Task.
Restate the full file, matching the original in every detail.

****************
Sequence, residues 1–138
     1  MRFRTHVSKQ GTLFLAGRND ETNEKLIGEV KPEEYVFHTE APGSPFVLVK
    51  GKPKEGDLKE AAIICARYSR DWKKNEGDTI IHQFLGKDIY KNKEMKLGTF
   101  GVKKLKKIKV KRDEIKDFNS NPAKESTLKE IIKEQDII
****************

Sequence, residues 1–138
     1  MRFRTHVSKQ GTLFLAGRND ETNEKLIGEV KPEEYVFHTE APGSPFVLVK
    51  GKPKEGDLKE AAIICARYSR DWKKNEGDTI IHQFLGKDIY KNKEMKLGTF
   101  GVKKLKKIKV KRDEIKDFNS NPAKESTLKE IIKEQDII